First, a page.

NSAIDS and cats: what do we know? (Proceedings)


NSAIDS and cats: what do we know? (Proceedings)

The cat as a species represents a therapeutic challenge when trying to use NSAIDs safey, including the newer drugs. Nonsteroidal anti-inflammatory drugs block the first step of prostaglandin synthesis by binding to and inhibiting cyclooxygenase This action is both dose and drug dependent. The pharmacologic effects of this class of drugs and the relative dose associated with the effect include (antithrombotic, especially aspirin) <<< antipyresis < analgesia < control of inflammation. The role of PGs in normal physiology might best be understood by considering them as protective in nature. Their formation is mediated by one of at least two isoforms of cyclooxygenases. An inducible form (COX-2_ is measured following endotoxin stimulation (induction) of PG in macrophages. The constitutive form is characterized by baseline activity; designated COX-1, it is generally measured as thromboxane B2 synthesis from platelets. These or similar tests are used to generate a COX1:COX2 ratio which indicates the concentration of the NSAID that is needed to to inhibit 50% of the activity of either enzyme. A ratio > 1 indicates COX 2 is more easily inhibited than COX-1, often interepreted as a safer drug. However, these ratios must be studied in the species of interest and even then should serve only for screening purposes. Currently, one veterinary drug is approved for use for cats in the US (compared to 5 for dogs), although several others have been used effectively. What is not clear is which of these drugs prefer COX-2 to COX-1 in cats; to date, it appears that a ratio in cats has been reported only for carprofen (similar to dogs). NSAIDS with data addressing use specifically in cats include piroxicam, ketoprofen and carprofen. Tepoxalin (Zubrin®), the newest NSAID approved for use in dogs, is a "dual inhibitor", targeting both COX and LOX, thus targeting prostaglandins and leukotrienes.

Cox 1 versus Cox 2: Physiology and Pathology

In general, inhibition of COX-1 is responsible for efficacy whereas inhibition of COX-2 is responsible for side effects. However, strict adherence to this simplistic approach will lead to therapeutic failure and increased morbidity with NSAID use.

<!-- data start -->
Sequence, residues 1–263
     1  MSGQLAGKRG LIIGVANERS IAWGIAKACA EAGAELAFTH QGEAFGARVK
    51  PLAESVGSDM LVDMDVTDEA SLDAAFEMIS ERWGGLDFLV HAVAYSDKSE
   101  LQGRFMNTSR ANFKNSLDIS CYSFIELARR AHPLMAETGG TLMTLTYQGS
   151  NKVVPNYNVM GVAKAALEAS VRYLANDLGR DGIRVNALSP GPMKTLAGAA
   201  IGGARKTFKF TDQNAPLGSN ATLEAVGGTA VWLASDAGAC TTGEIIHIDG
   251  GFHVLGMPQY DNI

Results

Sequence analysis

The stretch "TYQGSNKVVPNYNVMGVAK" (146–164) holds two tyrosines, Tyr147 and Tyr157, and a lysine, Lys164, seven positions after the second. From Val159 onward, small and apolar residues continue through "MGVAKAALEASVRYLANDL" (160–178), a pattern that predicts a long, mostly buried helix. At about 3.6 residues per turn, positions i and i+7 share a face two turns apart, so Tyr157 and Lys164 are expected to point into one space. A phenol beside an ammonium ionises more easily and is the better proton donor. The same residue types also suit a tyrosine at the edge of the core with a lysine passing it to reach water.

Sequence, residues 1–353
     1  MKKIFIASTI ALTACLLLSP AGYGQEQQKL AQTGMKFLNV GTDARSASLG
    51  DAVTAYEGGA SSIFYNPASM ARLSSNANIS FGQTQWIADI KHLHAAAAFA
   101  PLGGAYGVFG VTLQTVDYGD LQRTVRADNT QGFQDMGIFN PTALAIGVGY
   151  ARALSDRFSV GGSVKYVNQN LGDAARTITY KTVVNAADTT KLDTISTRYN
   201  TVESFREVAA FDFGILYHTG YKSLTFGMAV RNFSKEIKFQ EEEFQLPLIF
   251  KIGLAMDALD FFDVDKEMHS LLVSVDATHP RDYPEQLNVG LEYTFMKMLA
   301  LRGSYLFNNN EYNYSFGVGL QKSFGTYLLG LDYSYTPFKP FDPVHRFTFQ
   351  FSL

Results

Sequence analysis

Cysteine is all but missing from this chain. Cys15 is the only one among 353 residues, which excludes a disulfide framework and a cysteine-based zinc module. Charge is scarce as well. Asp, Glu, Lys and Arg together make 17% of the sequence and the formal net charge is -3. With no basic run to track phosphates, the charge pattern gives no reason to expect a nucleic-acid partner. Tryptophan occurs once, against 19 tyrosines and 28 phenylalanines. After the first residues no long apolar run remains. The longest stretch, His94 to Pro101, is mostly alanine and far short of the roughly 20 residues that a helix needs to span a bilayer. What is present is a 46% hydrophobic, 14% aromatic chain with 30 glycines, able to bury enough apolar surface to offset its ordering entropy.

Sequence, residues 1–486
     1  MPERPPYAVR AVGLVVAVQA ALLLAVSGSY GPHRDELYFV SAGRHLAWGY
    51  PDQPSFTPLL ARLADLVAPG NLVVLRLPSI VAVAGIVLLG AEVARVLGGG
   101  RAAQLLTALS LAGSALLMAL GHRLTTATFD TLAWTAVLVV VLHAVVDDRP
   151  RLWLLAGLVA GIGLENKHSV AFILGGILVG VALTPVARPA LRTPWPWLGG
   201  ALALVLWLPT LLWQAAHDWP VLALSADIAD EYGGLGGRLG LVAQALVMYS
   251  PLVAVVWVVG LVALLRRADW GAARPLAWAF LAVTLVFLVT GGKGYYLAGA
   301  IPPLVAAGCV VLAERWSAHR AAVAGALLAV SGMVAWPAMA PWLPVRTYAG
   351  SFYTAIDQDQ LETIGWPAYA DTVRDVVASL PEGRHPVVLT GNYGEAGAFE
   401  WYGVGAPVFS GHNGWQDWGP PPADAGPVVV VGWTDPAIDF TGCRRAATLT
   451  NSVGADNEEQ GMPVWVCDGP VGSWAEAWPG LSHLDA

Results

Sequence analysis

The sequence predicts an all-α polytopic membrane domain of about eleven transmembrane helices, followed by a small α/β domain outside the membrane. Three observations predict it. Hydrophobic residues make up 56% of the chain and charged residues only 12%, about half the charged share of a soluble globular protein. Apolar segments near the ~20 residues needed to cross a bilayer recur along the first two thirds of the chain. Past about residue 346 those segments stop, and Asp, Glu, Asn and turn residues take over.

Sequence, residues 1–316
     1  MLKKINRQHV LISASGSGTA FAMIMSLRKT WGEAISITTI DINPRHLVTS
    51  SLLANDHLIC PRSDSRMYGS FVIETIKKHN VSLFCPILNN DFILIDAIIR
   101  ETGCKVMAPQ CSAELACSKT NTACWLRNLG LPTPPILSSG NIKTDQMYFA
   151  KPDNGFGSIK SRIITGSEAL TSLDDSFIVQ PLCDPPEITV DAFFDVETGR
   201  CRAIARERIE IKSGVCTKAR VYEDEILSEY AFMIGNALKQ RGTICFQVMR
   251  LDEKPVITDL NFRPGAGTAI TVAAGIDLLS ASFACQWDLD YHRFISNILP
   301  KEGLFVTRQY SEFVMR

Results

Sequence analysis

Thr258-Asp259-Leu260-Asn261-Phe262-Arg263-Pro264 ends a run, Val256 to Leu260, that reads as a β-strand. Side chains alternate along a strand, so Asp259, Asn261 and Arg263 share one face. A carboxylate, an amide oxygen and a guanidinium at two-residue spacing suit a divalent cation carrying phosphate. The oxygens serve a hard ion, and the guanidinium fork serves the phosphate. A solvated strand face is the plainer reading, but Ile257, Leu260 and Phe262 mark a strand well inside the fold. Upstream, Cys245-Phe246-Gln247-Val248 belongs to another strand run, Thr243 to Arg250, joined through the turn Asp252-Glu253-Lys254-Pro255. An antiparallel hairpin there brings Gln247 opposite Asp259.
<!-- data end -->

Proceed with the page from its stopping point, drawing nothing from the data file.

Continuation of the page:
Central Nervous System:

In addition to pain, COX-2 has an important role in the pathogenesis of Alzheimer's Disease (AZD), and acute brain injury.


PGs have been implicated in causing increased pain perception (allodonia) in damaged compared to normal tissues. Induced COX-2 PGE as been associated with hyperalgesia (exaggerated response to pain) in either the spinal cord (primary hyperalgesia ) or at nociceptors in peripheral tissues (secondary hyperalgesia and central sensitization, manifested as a change in excitability threshold. Through COX-2, prostaglandins influence other CNS neurotransmitters (eg, glycine inhibition or glutamate stimulation) or other receptors (eg, NMDA). PGs also appear to mediate the anorexia and lethargy associated with chronic pain.

Gastrointestinal tract

Both COX-1 and COX-2 are constitutively expressed in the GI tract. Although COX-1 provides the major role in the protection of the GI tract, induction of COX-2 is important to healing of GI damage. Healing: The application of PGE-2 facilitates bone healing in experimental animals; 4 weeks of ibuprofen (16%) or rofecoxib (Vioxx®; 87%) compared to placebo (0%) led to mal-union in rats with experimentally-induced fractures.

Cardiovascular Disease

Platelets contain thromboxane synthetase, which catalyzes the formation of thromboxane from arachidonic acid. Thrombosis reflects platelet aggregation and vasoconstriction. The formation of a thrombus is kept "in check" by the presence of prostacyclin synthetase in vascular endothelial cells. This enzyme catalyzes metabolism of arachidonic acid to prostacyclin (PGI2), a vasodilatory and platelet inhibiting prostaglandin endproduct. However, whereas TXA2 is associated with COX-2, prostacyclin synthetase is associated with COX-1. The preferential inhibition of COX-2 may allow thrombus formation to go unchecked, increasing the risk of thromboembolic disorders. Thus, care must be taken when using these drugs in patients with hypertrophic cardiomyopathy.


In the kidney; both COX-1 and 2 are constitutively expressed. Both are formed in the macula densa of humans and animals, but COX-2 may have a more important role than COX-1. In (nonhuman) animals, inhibition of COX-2 causes sodium and potassium retention in salt depleted, but not normal, animals. However, in humans, COX-2 appears to influence renal vasculature and podocytes.


The role of PGs in the lungs is less than that of leukotrienes; however, inflammatory diseases, such as asthma, are associated with smooth muscle proliferation which is inhibited by COX-2. Thus, like the GI tract, COX-2 appears to have a protective role in the diseased lung. Note that with older NSAIDs, inhibition of COX resulted in shunting of AA to LOX and increased production of leukotrienes. While this is not longer an issue in human medicine, the issue may remain in cats until the role of COX inhibition is clarified for each of the drugs. As such, NSAIDs should be used only with caution in cats with asthma. An exception might be tepoxalin.


COX-2 increases markedly in a variety of soft-tissue tumors in humans and in transitional cell carcinoma in dogs (Knapp 2004). These studies suggest that benefits of NSAIDs in cancer may reflect inhibited COX-2. Depending on the model, inhibition of COX-2 associated with tumors reduces cell proliferation, increases apoptosis, and reduces metastasis. Inhibitors may also enhance anti-tumor effects of radiation, although toxicity is increased. However, at least for NSAIDs, GI toxicity is also increased when combined with antimetabolite anticancer drugs, presumably reflecting a combined toxic effect on the GI tract.